Effects of top-down guidance and singleton priming on visual search

Dominique Lamy*, Yoav Bar-Anan, Howard E. Egeth, Tomer Carmel

*Corresponding author for this work

Research output: Contribution to journalArticlepeer-review


Recent literature suggests that observers can use advance knowledge of the target feature to guide their search but fail to do so whenever the target is reliably a singleton Instead, they engage in singleton-detection mode - that is, they search for the most salient object. In the present study, we aimed to test the notion of a default salience-based search mode. Using several measures, we compared search for a known target when it is always a singleton (fixed-singleton search) relative to when it is incidentally a singleton (multiple-target search). We examined the relative contributions of strategic factors (knowledge that the target is a singleton) and intertrial repetition effects (singleton priming, or the advantage of responding to a singleton target if the target on the previous trial had also been a singleton). In two experiments, singleton priming eliminated all the differences in performance between fixed-singleton and multiple-target search, suggesting that search for a known singleton may be feature based rather than salience based.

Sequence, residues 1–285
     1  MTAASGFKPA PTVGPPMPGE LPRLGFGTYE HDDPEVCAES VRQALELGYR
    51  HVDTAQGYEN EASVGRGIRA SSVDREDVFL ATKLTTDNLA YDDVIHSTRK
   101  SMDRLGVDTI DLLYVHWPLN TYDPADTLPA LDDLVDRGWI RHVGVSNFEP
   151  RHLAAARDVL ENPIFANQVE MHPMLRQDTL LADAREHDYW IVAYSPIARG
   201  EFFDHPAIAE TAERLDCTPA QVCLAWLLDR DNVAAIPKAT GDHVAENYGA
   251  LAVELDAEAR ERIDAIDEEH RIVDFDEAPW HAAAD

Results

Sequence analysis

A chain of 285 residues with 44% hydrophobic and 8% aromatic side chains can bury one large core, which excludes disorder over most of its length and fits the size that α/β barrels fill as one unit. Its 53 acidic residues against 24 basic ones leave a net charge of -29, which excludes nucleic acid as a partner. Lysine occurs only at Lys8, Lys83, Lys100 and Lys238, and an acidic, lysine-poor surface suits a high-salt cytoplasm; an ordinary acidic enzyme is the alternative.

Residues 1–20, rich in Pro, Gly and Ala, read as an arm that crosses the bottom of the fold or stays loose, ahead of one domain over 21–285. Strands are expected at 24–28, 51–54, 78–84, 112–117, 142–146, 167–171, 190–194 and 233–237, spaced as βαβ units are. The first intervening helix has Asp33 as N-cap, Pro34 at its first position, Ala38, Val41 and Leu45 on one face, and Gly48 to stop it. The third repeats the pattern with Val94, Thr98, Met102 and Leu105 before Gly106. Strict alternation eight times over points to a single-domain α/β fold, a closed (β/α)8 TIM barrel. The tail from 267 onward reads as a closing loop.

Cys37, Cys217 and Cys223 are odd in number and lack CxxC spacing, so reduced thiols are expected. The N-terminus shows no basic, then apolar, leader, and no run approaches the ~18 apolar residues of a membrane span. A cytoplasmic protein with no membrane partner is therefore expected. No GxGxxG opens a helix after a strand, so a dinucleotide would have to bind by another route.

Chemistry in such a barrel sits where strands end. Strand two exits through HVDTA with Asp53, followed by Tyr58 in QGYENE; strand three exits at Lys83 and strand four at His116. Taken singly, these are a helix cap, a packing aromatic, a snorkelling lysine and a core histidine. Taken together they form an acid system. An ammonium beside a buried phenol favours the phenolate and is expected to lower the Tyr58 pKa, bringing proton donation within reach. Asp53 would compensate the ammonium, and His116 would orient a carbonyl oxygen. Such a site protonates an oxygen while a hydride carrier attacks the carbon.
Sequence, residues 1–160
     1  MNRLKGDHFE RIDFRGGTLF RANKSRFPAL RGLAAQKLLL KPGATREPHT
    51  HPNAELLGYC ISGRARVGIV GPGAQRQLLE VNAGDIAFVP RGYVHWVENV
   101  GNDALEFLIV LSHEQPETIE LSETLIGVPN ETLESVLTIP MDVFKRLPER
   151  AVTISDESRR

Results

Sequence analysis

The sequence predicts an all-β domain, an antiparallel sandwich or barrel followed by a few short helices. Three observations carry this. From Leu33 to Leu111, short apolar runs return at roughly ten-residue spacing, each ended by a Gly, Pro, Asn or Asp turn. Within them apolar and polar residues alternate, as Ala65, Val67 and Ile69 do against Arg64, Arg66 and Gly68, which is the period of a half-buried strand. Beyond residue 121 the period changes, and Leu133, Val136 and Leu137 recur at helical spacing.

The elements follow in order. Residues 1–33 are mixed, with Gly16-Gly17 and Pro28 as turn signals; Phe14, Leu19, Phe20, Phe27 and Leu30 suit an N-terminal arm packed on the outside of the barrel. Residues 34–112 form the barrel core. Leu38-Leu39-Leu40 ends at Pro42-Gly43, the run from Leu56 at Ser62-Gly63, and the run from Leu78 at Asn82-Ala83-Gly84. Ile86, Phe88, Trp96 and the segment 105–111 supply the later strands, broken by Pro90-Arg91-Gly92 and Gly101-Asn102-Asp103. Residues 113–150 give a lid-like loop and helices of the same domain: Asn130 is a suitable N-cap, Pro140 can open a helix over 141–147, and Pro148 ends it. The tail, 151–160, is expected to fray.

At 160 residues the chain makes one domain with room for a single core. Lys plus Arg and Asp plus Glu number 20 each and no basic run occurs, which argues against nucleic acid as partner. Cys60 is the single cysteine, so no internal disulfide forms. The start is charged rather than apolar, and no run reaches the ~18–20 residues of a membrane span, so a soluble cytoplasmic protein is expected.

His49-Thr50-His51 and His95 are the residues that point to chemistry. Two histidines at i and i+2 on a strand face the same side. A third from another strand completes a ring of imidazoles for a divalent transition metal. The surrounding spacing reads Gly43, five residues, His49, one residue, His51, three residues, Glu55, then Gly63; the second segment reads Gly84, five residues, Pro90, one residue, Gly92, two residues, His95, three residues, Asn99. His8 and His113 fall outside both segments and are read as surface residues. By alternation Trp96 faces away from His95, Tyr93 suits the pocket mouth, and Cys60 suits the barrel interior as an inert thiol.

Original languageEnglish
Pages (from-to)287-293
Number of pages7
JournalPsychonomic Bulletin and Review
Issue number2
StatePublished - Apr 2006


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